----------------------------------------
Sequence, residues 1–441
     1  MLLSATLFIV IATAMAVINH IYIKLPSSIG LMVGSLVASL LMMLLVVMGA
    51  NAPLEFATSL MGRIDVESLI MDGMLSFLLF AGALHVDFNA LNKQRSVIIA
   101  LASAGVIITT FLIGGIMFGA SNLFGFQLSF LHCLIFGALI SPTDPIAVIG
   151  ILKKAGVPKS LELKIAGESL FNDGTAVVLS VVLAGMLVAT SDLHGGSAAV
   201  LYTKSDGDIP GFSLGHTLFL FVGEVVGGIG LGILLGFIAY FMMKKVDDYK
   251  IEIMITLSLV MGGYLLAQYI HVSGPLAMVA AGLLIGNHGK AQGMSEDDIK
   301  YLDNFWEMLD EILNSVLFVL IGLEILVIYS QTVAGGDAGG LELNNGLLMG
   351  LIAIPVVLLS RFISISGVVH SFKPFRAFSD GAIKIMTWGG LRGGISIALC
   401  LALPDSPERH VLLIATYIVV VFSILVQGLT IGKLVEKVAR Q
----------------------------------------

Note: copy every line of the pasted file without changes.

Sequence, residues 1–441
     1  MLLSATLFIV IATAMAVINH IYIKLPSSIG LMVGSLVASL LMMLLVVMGA
    51  NAPLEFATSL MGRIDVESLI MDGMLSFLLF AGALHVDFNA LNKQRSVIIA
   101  LASAGVIITT FLIGGIMFGA SNLFGFQLSF LHCLIFGALI SPTDPIAVIG
   151  ILKKAGVPKS LELKIAGESL FNDGTAVVLS VVLAGMLVAT SDLHGGSAAV
   201  LYTKSDGDIP GFSLGHTLFL FVGEVVGGIG LGILLGFIAY FMMKKVDDYK
   251  IEIMITLSLV MGGYLLAQYI HVSGPLAMVA AGLLIGNHGK AQGMSEDDIK
   301  YLDNFWEMLD EILNSVLFVL IGLEILVIYS QTVAGGDAGG LELNNGLLMG
   351  LIAIPVVLLS RFISISGVVH SFKPFRAFSD GAIKIMTWGG LRGGISIALC
   401  LALPDSPERH VLLIATYIVV VFSILVQGLT IGKLVEKVAR Q